Living with the Gates Foundation

Alliance magazine, September 2011

Raise the issue of the Bill and Melinda Gates Foundation and, as Michael Alberg-Seberich from Active Philanthropy succinctly puts it: “People are impressed with the donor, they see the strategic work, but they find the size of the organisation tremendous and wonder about issues of power”.

In the September 2011 edition of Alliance magazine, editor Caroline Hartnell, ran a special focus on ‘Living with the Gates Foundation’.  Controversially the cover of the magazine showed a picture of a big gorilla, which was reprinted later in the magazine as a very direct reference to the Bill and Melinda Gates Foundation.

This series of articles – many of which were provocative – included titles such as:

  • ‘Gates: a benevolent dictator for public health?’
  • ‘How much difference it is making?’
  • ‘Private actors in the public arena’
  • ‘Inspiring, off-putting or irrelevant?’
  • ‘How do other donors see Gates?’

In addition to these articles, the magazine included an interview with Jeff Raikes, CEO of the Bill and Melinda Gates Foundation.

In one way or another, all the articles dealt with the issues of power, influence and accountability – and not just of the Gates Foundation, but of philanthropy in general. Importantly, and unusually, these articles air a variety of quite different opinions and concerns.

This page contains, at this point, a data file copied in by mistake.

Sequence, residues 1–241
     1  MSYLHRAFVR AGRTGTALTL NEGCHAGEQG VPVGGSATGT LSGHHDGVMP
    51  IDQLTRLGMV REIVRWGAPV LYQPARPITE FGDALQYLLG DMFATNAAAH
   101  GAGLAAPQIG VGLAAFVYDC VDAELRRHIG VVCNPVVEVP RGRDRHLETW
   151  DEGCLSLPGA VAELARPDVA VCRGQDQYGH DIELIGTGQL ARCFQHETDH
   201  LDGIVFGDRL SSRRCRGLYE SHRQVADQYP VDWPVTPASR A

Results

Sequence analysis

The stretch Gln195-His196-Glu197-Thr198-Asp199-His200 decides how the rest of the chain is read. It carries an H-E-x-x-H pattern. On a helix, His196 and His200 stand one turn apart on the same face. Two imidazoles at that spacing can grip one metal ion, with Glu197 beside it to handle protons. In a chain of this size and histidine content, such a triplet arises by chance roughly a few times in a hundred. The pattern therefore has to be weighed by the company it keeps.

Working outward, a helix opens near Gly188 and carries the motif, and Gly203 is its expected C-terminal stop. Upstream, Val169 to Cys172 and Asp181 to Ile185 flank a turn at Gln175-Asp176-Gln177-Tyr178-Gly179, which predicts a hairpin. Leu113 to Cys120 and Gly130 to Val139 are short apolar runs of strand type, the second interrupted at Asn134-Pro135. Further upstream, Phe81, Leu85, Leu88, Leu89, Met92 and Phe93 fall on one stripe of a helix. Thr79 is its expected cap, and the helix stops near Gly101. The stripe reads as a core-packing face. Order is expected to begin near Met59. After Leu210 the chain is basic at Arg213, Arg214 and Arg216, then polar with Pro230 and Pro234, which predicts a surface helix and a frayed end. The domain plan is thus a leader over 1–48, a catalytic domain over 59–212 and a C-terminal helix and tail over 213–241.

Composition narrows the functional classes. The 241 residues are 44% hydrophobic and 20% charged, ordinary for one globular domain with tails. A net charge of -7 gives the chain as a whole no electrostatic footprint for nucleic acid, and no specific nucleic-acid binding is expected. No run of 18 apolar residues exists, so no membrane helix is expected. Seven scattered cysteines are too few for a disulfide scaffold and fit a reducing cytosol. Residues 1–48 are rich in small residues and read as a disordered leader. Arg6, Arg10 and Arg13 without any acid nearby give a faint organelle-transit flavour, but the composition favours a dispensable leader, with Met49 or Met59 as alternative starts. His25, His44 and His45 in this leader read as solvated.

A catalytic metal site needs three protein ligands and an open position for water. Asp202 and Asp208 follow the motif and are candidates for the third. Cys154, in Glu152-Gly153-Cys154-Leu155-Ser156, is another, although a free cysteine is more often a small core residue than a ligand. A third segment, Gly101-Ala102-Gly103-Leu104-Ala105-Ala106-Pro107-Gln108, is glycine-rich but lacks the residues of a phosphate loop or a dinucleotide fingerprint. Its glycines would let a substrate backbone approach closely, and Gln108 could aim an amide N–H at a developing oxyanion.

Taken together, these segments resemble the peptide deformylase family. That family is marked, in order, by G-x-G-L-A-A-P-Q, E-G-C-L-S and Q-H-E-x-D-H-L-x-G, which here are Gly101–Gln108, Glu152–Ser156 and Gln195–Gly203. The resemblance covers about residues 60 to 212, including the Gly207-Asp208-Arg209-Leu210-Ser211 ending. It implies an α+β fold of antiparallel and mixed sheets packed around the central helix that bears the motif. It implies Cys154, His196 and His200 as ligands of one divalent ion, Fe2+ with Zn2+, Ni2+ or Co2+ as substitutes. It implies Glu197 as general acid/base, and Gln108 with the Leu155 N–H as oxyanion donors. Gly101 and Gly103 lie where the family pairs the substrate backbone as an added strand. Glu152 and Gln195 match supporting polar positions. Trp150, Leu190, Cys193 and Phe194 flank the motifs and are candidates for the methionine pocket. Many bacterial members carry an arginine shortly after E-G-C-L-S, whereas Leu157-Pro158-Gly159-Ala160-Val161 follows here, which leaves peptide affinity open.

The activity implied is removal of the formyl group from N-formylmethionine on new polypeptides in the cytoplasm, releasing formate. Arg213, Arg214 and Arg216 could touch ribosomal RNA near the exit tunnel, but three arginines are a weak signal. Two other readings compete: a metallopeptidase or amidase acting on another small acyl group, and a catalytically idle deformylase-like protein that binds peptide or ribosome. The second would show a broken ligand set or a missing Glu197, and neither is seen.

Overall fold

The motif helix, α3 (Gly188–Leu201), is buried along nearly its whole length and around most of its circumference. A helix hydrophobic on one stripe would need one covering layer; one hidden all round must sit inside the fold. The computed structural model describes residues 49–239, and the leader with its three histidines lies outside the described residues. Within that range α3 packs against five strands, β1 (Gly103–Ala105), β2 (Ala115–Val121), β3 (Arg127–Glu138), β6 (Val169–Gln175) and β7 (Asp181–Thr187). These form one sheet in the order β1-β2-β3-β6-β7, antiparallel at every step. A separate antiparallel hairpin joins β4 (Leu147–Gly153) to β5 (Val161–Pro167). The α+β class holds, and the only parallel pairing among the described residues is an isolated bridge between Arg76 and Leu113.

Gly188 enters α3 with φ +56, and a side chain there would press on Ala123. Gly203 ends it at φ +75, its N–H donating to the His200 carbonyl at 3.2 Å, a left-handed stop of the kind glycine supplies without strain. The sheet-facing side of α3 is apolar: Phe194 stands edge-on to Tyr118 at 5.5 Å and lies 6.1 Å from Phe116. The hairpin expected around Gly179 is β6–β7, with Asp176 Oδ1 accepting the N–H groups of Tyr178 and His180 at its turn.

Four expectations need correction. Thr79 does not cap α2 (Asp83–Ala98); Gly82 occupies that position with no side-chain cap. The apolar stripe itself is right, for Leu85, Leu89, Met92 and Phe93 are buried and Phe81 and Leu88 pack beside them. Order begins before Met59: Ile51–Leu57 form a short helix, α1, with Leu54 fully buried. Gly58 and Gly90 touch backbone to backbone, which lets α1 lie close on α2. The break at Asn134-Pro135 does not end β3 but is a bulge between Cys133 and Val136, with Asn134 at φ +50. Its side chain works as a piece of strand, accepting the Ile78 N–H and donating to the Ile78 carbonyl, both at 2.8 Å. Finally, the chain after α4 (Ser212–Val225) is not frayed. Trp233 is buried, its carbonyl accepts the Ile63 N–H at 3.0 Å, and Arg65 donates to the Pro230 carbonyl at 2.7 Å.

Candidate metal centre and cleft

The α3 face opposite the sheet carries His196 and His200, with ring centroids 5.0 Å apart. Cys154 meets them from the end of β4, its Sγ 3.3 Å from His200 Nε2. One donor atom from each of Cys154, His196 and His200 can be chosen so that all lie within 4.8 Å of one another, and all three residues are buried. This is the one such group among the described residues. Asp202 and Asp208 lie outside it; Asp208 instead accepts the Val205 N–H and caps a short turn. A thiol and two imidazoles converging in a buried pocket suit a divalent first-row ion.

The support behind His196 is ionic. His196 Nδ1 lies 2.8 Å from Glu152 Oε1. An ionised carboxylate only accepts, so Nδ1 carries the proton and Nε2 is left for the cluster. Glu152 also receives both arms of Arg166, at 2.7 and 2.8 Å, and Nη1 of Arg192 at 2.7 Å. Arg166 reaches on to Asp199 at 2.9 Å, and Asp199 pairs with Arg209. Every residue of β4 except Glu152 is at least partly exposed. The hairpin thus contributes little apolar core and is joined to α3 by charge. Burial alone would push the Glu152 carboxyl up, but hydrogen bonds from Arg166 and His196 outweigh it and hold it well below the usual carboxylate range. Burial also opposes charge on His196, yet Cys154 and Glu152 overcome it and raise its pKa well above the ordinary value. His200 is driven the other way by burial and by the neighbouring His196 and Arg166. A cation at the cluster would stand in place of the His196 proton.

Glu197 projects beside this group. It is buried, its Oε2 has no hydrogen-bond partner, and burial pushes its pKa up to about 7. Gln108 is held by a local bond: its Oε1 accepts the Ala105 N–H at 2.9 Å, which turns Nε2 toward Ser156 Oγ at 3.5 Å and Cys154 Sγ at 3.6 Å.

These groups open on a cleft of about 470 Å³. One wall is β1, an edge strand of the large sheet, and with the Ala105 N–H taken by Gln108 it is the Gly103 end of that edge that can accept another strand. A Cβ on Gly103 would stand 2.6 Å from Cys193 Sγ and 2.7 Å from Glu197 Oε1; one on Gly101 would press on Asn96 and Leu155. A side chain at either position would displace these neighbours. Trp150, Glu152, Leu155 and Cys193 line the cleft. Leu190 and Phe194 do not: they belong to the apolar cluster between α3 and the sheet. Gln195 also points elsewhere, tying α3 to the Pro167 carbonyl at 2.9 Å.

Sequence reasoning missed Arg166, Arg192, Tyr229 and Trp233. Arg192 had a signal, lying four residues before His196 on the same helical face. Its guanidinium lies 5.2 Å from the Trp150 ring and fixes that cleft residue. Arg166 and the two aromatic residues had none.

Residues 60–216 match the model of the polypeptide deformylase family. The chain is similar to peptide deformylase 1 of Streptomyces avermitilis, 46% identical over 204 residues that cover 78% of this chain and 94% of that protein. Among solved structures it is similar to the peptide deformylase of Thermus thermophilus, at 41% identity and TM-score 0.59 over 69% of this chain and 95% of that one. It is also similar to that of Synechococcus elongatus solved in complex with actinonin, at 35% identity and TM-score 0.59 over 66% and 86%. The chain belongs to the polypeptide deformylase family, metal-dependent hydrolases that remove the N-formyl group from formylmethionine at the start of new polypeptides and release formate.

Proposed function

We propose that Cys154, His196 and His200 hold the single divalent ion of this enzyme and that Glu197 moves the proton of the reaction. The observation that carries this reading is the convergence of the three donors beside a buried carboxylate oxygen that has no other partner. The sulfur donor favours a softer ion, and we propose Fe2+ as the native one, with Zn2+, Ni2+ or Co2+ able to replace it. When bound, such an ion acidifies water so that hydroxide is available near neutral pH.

The most common criticism of the Gates Foundation is that, given its vast resources, it doesn’t fund ‘X’.  As Timony Ogden, Editor in Chief of Philanthropy Action, points out: “the root of that unhelpful critique is to be found in the fact that the foundation actually followed the general advice given everywhere to new philanthropists and foundations:  find a focus”.

Richard Horton, the editor of the Lancet, cautions that while the Gates Foundation has the right to spend its money how it wishes, because of the size of the foundation, it has the potential to distort the research field and government priorities. Richard worries that Bill Gates’ singular belief in technology to change people’s lives over simplifies the solutions to many of society’s problems. Horton says that social and behavioural issues are not amenable to single technological solutions require much more subtle and complex interventions.

On the other hand, Amanda Glassman, Director of the Global Health Policy Program at the Centre for Global Development, is not concerned that the Gates Foundation’s single-minded investments may squeeze out diversity in both approaches to problems like vaccination and in attention to other areas. “For me,” she says, “vaccination is the quintessential public health intervention. If we can’t get that right, we probably shouldn’t be doing other things.”

Laura Freschi, New York University Development Research Institute in USA and Alanna Shaikh, a global health consultant based in Dushanbe, Tajikistan, state that the Gates Foundation has been able to achieve a great deal in public health in a short time precisely because it is unencumbered by many of the typical constraints of the aid bureaucracies. They argue it has been a valuable catalyst to a slow-moving community. They point out that another clear strength of the Gates Foundation is its willingness to fund programs that others can’t or won’t.